Harvard College Admissions Essays: Say What?

Looking for some college admissions essay tips? Believe it or not, but the college admission essay is more important than you think. Consider this: applicants to the best schools likely also have the best grades, the best SAT scores, or the best ACT scores. So, with such a high achieving population, they all tend to look like each other. That is – if all the college admissions committee looked at were quantitative aspects of your application. The truth is this: the qualitative aspects of your college application carries way more weight than you realize.

Enter the College Admissions Essay, but wait!

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College Admissions Essay Tips: What Are They Looking For?

Great question. Remember what I just said about the applicant pool all looking like each other? Well, that knowledge should drive what you need to highlight about you. Here are some guidelines:

  • Highlight experiences that demonstrate inner strength or upright character
  • Describe experiences that set you apart as unique from the rest of the applicant population – remember, the college or university is interested about how you will add value. So, show how you will make your 4 years at the school special and why the university will be better off for having admitted you.
  • You’ll think I’m crazy, but here we go: if you’re a female or a minority – play the game. Yup, I can’t believe I just said that. But, you can do so in a way that is not martyr-like or as if you were the victim somehow. You can show how you overcame adversity that was somewhat related to your special class. People love reading that stuff.

Let’s test my advice on the Harvard College Admission Essay Questions, which are below:

Please write an essay of 250 – 500 words on a topic of your choice or on one of the options listed below, and attach it to your application before submission. Please indicate your topic by checking the appropriate box. This personal essay helps us become acquainted with you as a person and student, apart from courses, grades, test scores, and other objective data. It will also demonstrate your ability to organize your thoughts and express yourself. NOTE: Your Common Application essay should be the same for all colleges. Do not customize it in any way for individual colleges. Colleges that want customized essay responses will ask for them on a supplement form.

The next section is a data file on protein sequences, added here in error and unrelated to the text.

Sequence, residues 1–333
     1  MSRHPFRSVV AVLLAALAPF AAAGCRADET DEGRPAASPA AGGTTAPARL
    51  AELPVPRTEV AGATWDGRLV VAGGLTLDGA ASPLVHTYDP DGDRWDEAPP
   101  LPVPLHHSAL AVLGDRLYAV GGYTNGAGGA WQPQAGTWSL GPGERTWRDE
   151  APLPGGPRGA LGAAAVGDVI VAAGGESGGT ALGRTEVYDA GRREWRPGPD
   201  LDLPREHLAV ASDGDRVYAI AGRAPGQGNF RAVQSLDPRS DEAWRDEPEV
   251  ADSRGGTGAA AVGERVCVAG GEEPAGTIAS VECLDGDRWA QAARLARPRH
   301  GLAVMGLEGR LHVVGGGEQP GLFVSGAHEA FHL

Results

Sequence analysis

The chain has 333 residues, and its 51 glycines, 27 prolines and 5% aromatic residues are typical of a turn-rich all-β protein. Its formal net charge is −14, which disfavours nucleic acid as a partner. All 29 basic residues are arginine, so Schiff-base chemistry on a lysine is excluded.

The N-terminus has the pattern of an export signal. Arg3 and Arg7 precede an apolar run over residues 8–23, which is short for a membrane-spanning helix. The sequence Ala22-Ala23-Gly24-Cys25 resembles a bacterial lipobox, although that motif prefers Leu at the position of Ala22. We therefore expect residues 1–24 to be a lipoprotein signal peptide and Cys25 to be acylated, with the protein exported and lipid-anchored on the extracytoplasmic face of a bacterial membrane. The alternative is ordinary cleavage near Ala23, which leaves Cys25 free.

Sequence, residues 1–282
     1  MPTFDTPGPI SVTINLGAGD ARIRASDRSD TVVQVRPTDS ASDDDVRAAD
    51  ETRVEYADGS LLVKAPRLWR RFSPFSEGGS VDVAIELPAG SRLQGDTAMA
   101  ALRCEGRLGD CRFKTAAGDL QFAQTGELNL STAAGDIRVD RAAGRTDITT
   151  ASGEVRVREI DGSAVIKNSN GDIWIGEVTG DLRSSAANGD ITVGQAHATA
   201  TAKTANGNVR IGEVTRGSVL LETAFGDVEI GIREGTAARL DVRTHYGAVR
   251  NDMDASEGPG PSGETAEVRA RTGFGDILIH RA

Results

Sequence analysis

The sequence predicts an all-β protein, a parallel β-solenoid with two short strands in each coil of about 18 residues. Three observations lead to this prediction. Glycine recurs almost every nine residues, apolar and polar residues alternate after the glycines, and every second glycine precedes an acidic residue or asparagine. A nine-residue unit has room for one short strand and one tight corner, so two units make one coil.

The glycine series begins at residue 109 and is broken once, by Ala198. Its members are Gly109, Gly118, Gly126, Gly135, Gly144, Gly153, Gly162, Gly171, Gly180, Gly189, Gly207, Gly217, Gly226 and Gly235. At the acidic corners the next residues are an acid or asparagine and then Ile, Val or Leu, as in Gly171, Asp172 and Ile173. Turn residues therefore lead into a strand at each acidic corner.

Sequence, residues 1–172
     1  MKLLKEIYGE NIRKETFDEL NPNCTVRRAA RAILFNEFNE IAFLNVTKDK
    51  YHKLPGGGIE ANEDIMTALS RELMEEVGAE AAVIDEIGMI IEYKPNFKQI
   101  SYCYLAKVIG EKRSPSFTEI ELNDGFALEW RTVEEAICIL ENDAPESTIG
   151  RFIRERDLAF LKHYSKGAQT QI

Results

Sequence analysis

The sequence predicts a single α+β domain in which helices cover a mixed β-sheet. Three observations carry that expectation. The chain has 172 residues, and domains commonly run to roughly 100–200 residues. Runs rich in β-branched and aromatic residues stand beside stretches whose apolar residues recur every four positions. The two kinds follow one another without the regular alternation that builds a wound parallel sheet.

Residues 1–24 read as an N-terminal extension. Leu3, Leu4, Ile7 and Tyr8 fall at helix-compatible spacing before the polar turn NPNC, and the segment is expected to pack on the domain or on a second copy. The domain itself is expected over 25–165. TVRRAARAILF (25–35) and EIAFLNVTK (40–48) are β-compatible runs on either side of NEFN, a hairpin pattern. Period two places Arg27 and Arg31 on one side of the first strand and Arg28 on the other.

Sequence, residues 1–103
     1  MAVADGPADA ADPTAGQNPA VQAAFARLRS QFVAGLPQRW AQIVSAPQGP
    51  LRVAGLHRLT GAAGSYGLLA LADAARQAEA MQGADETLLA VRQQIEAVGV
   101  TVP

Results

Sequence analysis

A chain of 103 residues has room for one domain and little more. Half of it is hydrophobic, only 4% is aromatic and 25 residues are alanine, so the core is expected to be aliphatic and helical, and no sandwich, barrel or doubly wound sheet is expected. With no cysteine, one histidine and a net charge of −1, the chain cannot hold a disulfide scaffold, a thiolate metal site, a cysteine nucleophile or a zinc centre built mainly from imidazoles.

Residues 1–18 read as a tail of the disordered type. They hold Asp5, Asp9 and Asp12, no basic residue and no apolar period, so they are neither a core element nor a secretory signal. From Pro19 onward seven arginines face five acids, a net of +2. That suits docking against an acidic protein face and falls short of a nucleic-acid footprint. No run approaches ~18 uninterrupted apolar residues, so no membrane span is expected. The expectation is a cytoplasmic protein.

1. Evaluate a significant experience, achievement, risk you have taken, or ethical dilemma you have faced and its impact on you.
  2. Discuss some issue of personal, local, national, or international concern and its importance to you.
  3. Indicate a person who has had a significant influence on you, and describe that influence.
  4. Describe a character in fiction, a historical figure, or a creative work (as in art, music, science, etc.) that has had an influence on you, and explain that influence.
  5. A range of academic interests, personal perspectives, and life experiences adds much to the educational mix. Given your personal background, describe an experience that illustrates what you would bring to the diversity in a college community or an encounter that demonstrated the importance of diversity to you.
  6. Topic of your choice.

Okay, let’s analyze this, but know one thing for sure: DO NOT choose topic of choice. Why? It’s kind of weird. You see, the committee wants to see uniqueness, but they also need something to compare you to. So, your response will be compared to others’ responses to the same question. Without having a base of comparison (like if you choose the topic of your choice), they won’t know what to do with you.

Moving on.

Let’s look at each question and evaluate an approach:

  1. For this question, they are looking for a glimpse into how you think and the worldview by which you see the world. If you’ve taken significant risk, what was it and what drove your thinking and what drove you make that decision? You dig?
  2. How do you think about issues – this is what they are looking for. Do you consider aspects of issues or are you selfish in your approach.
  3. What values do you hold? What’s important to you and why?

As far as that goes, the rest of the questions, I don’t believe are germane. By that I mean – focus on the first 3 questions. Remember my advice about having something to compare to? That’s why.

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